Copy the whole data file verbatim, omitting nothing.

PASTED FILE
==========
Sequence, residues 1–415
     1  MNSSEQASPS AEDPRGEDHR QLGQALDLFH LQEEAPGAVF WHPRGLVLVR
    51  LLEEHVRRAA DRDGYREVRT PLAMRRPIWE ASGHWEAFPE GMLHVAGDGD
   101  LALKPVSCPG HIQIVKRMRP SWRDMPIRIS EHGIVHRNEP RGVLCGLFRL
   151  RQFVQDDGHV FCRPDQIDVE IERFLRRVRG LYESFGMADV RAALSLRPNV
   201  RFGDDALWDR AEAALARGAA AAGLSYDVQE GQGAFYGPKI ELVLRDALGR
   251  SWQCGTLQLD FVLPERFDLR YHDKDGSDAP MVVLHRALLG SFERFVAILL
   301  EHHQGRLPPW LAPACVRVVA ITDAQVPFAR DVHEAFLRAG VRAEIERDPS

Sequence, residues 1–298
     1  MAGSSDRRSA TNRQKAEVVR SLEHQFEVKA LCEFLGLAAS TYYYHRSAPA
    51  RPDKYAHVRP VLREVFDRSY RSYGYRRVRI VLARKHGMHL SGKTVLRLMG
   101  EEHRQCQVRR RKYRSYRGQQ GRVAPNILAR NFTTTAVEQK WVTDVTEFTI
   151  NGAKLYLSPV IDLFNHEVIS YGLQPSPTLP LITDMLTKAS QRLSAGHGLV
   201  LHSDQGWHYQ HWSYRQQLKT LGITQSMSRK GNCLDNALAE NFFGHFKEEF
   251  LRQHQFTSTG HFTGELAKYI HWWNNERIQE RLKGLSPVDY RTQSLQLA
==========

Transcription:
Sequence, residues 1–415
     1  MNSSEQASPS AEDPRGEDHR QLGQALDLFH LQEEAPGAVF WHPRGLVLVR
    51  LLEEHVRRAA DRDGYREVRT PLAMRRPIWE ASGHWEAFPE GMLHVAGDGD
   101  LALKPVSCPG HIQIVKRMRP SWRDMPIRIS EHGIVHRNEP RGVLCGLFRL
   151  RQFVQDDGHV FCRPDQIDVE IERFLRRVRG LYESFGMADV RAALSLRPNV
   201  RFGDDALWDR AEAALARGAA AAGLSYDVQE GQGAFYGPKI ELVLRDALGR
   251  SWQCGTLQLD FVLPERFDLR YHDKDGSDAP MVVLHRALLG SFERFVAILL
   301  EHHQGRLPPW LAPACVRVVA ITDAQVPFAR DVHEAFLRAG VRAEIERDPS

Sequence, residues 1–298
     1  MAGSSDRRSA TNRQKAEVVR SLEHQFEVKA LCEFLGLAAS TYYYHRSAPA
    51  RPDKYAHVRP VLREVFDRSY RSYGYRRVRI VLARKHGMHL SGKTVLRLMG
   101  EEHRQCQVRR RKYRSYRGQQ GRVAPNILAR NFTTTAVEQK WVTDVTEFTI
   151  NGAKLYLSPV IDLFNHEVIS YGLQPSPTLP LITDMLTKAS QRLSAGHGLV
   201  LHSDQGWHYQ HWSYRQQLKT LGITQSMSRK GNCLDNALAE NFFGHFKEEF
   251  LRQHQFTSTG HFTGELAKYI HWWNNERIQE RLKGLSPVDY RTQSLQLA